Suppose you wanted to send a greetings card to someone living in a foreign country. You could address the envelope to "King Alfred, The Broadway, Winchester, England" and post it anywhere in the world. Suppose you did this in the US. The local postman only needs to see the country part of the address to get the envelope heading in the right direction. It'll be conveyed to an airport from where an aircraft conveys it across the Atlantic. On landing in England, it'd reach a sorting office and be routed within the English postal system. The English postie will know where Winchester is. Well, you'd hope so anyway. Each of the US and UK postal systems is its own domain, with knowledge of how to deliver mail to addresses in that domain, and how to route mail addressed to another domain.
This is pretty much how WAS messaging works too. You can link SIBuses together so that messages can be routed from one bus to the other. Why would you want to do this? Why not just create one great big bus? Well, to a limited extent you could try and do this - but eventually you'd run up against one of a number of limits. An SIBus is defined within a cell and can't extend beyond the edge of the cell. There's a limit to how large you want to make your cell - in terms of numbers of nodes and servers and in terms of geographical span or organisational spread. So your bus will only reach as far as the cell that contains it and if you have an application in that cell that needs to send a message to a remote application - one that is in a different cell - then you're going to need to be able to reach outside of the local cell.
You could use a client connection but you'd need to know how to route the client connection to an apropriate endpoint, or liaise with the other cell administrator to bridge the coregroups between the cells. But you'd need to do this for all applications that need to send such messages and it would be a lot of work, and fragile. It's much more natural to connect your application to the local bus and let the SIBus do the leg-work. Hence it's better to link the buses.
You may have created multiple buses within the same cell, e.g. for traffic separation and then decide you need to link them together. That's done just the same way as for a pair of buses in different cells.
So how do you do it? You define a foreign bus and you designate a pair of messaging engines, one in each bus, that will link to one another. The foreign bus is a lot like the US Postal System knowing that there is a country called England and knowing which airservice to route it to. The link is like the air service, and the messaging engines are like the airports used by the air service. When the link and the foreign bus are defined, an application can send a message addressed to a destination hosted in the foreign bus, and the messaging engines in each bus will take care of routing the message, via the link, to the other bus and ultimately to the destination within that bus.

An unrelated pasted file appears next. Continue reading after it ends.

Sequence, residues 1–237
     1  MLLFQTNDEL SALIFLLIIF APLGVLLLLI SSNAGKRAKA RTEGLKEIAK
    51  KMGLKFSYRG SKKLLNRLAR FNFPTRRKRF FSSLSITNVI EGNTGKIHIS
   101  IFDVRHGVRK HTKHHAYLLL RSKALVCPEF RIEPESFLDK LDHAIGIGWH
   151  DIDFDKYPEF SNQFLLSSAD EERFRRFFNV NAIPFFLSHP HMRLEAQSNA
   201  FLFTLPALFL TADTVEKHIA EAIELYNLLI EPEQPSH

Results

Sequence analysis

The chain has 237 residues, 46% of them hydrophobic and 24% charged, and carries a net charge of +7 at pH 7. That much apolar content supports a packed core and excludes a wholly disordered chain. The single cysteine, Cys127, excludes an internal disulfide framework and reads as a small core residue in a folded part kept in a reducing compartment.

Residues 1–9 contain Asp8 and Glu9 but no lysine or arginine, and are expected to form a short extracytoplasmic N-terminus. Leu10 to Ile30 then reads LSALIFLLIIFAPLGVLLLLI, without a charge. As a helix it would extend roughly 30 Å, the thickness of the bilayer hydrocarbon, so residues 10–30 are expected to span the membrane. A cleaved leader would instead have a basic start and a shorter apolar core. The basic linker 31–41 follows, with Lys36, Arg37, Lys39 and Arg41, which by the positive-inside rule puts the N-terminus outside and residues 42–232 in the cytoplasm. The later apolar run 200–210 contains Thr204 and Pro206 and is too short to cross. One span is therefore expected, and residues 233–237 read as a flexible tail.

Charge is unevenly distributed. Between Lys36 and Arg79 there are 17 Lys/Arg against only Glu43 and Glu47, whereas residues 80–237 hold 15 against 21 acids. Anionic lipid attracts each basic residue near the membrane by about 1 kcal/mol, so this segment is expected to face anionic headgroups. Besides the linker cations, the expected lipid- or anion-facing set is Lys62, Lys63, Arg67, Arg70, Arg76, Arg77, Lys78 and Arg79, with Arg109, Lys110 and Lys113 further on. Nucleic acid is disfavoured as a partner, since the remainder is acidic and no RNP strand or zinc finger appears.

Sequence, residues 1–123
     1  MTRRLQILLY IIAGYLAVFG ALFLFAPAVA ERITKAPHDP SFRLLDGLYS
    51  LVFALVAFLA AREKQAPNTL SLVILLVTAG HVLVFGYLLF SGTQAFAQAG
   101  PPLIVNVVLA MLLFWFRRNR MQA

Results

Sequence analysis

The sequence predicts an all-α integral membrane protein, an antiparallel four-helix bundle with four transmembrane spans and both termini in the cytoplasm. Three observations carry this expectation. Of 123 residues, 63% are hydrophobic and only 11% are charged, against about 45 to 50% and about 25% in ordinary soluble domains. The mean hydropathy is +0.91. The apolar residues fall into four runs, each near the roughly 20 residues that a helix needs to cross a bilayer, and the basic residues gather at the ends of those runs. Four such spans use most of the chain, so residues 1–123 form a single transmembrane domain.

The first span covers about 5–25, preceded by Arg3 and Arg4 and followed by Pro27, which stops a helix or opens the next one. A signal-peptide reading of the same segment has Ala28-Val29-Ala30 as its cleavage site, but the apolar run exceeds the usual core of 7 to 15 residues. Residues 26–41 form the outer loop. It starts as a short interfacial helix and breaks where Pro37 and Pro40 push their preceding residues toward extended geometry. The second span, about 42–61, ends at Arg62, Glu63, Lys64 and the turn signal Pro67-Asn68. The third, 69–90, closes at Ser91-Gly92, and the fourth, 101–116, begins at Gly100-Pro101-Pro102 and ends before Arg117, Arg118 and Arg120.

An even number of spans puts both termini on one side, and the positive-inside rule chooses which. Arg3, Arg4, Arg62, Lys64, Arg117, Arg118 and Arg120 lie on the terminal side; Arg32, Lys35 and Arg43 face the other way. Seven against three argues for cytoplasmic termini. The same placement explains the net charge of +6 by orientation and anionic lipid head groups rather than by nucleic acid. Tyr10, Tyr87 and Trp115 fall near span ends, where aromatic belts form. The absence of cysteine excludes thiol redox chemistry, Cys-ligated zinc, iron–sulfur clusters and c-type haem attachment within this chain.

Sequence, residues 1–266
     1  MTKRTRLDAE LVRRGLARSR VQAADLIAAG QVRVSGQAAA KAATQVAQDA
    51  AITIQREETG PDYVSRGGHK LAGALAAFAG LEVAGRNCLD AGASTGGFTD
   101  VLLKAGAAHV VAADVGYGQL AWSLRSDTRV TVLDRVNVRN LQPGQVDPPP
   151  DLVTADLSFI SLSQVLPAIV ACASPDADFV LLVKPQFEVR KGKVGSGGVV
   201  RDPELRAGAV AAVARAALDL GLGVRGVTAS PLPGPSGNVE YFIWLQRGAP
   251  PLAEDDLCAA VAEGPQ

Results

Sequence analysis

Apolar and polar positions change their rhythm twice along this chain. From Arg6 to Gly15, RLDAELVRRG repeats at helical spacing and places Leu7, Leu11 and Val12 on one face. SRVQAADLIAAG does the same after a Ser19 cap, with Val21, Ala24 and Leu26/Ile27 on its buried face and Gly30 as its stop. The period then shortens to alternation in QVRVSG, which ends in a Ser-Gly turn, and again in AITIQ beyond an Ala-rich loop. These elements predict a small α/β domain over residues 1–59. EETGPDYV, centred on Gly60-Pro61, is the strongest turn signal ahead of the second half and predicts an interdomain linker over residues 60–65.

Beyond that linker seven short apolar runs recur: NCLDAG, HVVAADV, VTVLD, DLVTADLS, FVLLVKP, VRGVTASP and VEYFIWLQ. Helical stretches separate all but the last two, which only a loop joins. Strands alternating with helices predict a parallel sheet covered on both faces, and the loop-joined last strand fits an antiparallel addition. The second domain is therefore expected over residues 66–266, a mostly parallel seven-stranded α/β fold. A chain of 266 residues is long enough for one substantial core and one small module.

Since WAS v6.0 it's been possible to do this. You'd create a definition of a "foreign bus" and a "link" to the other bus. You could create a direct route to a neighbouring bus or an indirect route - meaning that you can reach another bus by routing through an intermediate bus. So you could construct a spanning tree of interconnected buses. The foreign bus support in WAS v6.0 allowed for the fact that the foreign bus could be either another SIBus or it could be a WMQ queue manager. In the latter case protocol conversion is needed at runtime, so you have to create an appropriate type of link - either a SIB-SIB link or a SIB-WMQ link. You could then create the foreign bus definition, including the name of the link.
There were a few difficulties with the support in WAS v6. One difficulty was knowing what objects you needed to create; another was that the creation of these objects required separate wizards or console panels; yet another was that you had to cretae the link before the foreign bus or there'd be strange fizzing noises and something in the distance would go bang. The separation of the objects was bad for usability. There was also a certain amount of finesse required to know that certain parameters should ideally match the values for certain other parameters.
All in all it was a bit hard, which made it a great opportunity to impress your friends and the bad news is that WAS v7.0 has a simple wizard that makes the task a whole lot easier...even your manager might stand a chance of getting it right. The wizard provides a single start point in the console for creation of a foreign bus connection between SIB-SIB or SIB-WMQ. The wizard guides you through the process prompting for the minimum amount of information and creation all the necessary ojbects in a consistent manner.
It's not a panacea - some of our more experienced users who got to grips with the early drivers found the wizard rather limiting, because it does hide a lot of the complexity. For them it hid too much; they're used to bashing all the configuration properties into one huge panel. Instead they now have to step through the wizard to create what is effectively a simple object and then go into the detail view of that object to set up some of the more advanced properties, such as SSL. I guess it shows that the mantra of "making simple things easy..." can backfire occasionally, or maybe that you "can't please all the people all the time"!
There are of course wsadmin commands that'll let you do everything in a single action. But we're aware that the wizard is not to everyone's liking and will try and improve upon it next time around.